It is the prerogative of every Bishop and Relief Society President to ensure that all parents caring for young children in their ward have the opportunity to partake of the Sacrament each week.
Sunday mornings in the life of a young family are often hectic and chaotic, between getting everyone fed, bathed, dressed and out the door on time. That chaos is compounded if one parent is away at early meetings, leaving the other parent alone to help the family get ready. Single parents who wish to attend church with their children face this difficulty every week. Since it's not always possible to feed the baby right before leaving for church amid the hustle, many parents scoot right onto the pew, sing the opening hymn, listen to the announcements, and just as the administration of the Sacrament begins, baby reminds everyone that she's hungry now. For breastfeeding mothers, this presents a challenge no matter what she does. Some mothers prefer to stay on the pew with their families and feed the baby without leaving the Sacrament service, running the risk that members or leaders will criticize her for doing so. Other mothers feel more comfortable excusing themselves from the meeting to feed the baby in the mother’s room, but that can cause commotion during the reverent time of the meeting, or leave the other children on the pew without a parent. For the mothers who prefer the privacy of the Mother’s room, many women report that they miss partaking of the Sacrament almost every week, for months at a time, with each new baby.
When Jesus Christ visited the people of the Americas, he blessed and passed the emblems of the Sacrament to the multitude. This multitude included women and children. The only instruction he gave about who should be denied the sacrament are those who are deemed unworthy.
As women nurture and feed their children during church meetings, to be forgotten or passed over during the Sacrament ordinance can feel discouraging and sad. Even worse, to be denied the Sacrament due to location or circumstance, as though unworthy, can cause a mother to regret coming to church that day. Parenting young babies can feel tiring and isolating, and mothers need all the support they can get when it comes to nourishing their spiritual well-being, including taking the Sacrament and renewing their covenants, in fellowship with other saints at church.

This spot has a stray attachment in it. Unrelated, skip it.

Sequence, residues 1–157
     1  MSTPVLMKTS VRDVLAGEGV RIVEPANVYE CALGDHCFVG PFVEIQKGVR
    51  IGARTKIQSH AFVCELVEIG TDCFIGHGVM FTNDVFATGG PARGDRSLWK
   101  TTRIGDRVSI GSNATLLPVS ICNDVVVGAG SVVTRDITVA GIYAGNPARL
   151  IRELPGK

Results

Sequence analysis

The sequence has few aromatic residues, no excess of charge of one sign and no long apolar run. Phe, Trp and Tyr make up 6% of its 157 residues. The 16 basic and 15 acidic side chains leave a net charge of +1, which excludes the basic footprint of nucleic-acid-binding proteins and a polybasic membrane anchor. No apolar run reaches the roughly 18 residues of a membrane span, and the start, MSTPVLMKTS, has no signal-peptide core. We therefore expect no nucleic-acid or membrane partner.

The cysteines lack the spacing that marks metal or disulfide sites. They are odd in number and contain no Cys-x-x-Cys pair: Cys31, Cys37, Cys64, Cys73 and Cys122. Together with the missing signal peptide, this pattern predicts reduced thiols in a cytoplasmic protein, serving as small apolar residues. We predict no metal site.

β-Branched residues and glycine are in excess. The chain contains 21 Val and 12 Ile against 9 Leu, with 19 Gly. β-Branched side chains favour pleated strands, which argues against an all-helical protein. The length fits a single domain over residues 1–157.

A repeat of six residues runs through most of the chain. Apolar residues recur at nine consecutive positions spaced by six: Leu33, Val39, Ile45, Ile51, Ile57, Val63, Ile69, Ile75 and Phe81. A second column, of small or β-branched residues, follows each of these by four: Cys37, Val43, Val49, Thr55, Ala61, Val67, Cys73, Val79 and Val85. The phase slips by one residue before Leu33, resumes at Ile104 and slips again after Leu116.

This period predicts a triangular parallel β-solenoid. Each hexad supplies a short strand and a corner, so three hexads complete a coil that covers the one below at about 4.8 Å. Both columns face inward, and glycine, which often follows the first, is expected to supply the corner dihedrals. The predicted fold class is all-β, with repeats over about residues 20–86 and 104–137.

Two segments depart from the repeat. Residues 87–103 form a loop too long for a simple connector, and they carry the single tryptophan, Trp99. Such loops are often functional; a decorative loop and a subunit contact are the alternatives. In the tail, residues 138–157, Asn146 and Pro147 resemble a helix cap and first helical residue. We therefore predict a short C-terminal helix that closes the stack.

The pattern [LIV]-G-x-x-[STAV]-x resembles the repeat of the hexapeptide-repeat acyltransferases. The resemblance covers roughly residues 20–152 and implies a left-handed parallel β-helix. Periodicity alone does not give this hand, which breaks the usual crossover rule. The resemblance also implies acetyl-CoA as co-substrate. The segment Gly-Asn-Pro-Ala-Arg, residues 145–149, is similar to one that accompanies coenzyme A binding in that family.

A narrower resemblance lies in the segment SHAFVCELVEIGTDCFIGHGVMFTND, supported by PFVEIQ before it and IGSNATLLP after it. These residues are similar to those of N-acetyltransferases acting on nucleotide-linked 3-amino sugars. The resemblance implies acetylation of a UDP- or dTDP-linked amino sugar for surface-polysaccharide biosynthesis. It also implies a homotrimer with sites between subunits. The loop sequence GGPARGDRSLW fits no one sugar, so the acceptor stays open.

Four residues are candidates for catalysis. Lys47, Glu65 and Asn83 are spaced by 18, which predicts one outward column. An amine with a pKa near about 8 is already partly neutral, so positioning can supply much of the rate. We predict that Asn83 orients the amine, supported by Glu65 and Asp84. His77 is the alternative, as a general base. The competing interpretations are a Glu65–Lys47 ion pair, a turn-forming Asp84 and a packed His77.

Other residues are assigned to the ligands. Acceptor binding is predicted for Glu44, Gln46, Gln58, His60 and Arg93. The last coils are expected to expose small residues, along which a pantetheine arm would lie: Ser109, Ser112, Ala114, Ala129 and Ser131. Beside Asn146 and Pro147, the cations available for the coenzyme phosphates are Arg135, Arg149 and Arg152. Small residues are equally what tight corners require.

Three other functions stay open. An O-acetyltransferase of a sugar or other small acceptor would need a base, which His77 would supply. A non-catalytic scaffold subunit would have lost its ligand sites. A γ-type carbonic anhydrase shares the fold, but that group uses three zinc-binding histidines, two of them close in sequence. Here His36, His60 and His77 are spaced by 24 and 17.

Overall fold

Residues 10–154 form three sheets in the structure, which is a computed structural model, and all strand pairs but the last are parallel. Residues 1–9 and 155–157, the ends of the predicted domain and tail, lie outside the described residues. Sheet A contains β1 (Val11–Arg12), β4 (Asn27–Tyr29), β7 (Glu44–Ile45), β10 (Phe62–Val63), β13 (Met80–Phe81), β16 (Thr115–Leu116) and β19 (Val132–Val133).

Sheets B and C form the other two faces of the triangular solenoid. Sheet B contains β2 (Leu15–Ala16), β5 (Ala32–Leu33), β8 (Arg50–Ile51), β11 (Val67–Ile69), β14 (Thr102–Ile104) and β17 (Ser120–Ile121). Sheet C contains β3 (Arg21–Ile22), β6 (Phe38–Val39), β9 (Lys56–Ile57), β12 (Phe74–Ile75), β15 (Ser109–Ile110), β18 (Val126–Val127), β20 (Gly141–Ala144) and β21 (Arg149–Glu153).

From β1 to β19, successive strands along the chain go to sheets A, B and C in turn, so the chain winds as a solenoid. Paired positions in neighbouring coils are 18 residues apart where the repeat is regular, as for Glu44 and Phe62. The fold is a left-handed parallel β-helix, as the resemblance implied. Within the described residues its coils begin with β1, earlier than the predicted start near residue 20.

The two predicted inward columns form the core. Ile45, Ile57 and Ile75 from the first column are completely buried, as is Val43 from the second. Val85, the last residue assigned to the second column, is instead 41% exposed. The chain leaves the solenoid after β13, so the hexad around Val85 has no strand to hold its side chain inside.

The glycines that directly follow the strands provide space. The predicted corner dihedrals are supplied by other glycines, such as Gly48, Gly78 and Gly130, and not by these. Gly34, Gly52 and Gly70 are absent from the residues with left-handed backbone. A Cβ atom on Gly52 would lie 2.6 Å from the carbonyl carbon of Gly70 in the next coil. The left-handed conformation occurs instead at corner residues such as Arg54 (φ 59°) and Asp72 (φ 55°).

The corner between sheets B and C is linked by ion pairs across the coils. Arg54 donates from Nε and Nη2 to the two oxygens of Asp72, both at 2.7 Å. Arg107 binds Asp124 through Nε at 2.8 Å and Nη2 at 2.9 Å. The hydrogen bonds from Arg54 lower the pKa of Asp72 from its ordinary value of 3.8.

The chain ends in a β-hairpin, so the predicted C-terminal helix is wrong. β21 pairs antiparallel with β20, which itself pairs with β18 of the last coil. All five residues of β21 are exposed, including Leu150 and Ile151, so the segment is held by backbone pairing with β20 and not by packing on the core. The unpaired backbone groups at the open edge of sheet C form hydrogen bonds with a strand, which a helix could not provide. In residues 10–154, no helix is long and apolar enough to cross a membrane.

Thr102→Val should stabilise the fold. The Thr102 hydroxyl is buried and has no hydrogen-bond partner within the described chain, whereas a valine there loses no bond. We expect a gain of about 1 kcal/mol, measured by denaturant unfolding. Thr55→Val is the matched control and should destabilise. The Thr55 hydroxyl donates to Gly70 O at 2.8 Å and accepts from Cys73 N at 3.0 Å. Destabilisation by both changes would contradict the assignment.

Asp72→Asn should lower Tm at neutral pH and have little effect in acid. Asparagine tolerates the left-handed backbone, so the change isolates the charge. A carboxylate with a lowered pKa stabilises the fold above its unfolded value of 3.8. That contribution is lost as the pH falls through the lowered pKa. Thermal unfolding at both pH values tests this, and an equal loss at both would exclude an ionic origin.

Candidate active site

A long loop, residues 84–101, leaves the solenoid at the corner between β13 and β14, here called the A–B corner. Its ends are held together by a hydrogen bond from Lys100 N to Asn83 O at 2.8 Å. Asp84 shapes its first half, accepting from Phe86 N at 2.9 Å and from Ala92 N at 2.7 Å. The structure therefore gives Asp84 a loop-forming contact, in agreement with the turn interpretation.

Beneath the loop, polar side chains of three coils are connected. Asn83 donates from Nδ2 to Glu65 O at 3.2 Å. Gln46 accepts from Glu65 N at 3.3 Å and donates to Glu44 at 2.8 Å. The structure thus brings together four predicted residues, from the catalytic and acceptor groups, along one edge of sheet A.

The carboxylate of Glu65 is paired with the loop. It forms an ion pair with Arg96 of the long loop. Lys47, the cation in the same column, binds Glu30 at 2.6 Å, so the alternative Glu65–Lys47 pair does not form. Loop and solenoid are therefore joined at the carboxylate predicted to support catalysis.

Bishops and Relief Society presidents are in a unique position to make inclusive accommodations for mothers who feed babies during Sacrament meeting. They can encourage her to stay in the chapel with her family and nurse the baby on the pew and ensure that she knows she's welcome to do so. For mothers who prefer to nurse in private, leaders can be aware of who has stepped out with a baby during the meeting to keep track of which women are at risk for missing the Sacrament that day.
There are many creative solutions for ensuring that all women in the Mother’s room are able to partake of the Sacrament. When the deacons bring the Sacrament trays through the lobby of the building, a young woman or Relief Society sister could wait outside the door of the Mother’s room and pass the tray to the women inside, just as how women and children pass the trays down the pew to others between the deacons. A priest and deacon could provide a “second Sacrament” service to mothers who missed it in a classroom following Sacrament meeting, in a similar way to taking the Sacrament to housebound members in their homes.
Remembering the Savior Jesus Christ and renewing their covenants by partaking of the emblems of the Sacrament will enhance the spiritual lives of women at church. Bishops and Relief Society Presidents should talk to the parents in their ward about how to make them feel cared for and remembered, and consider a variety of strategies for helping all parents of babies have the chance to partake of the Sacrament each week.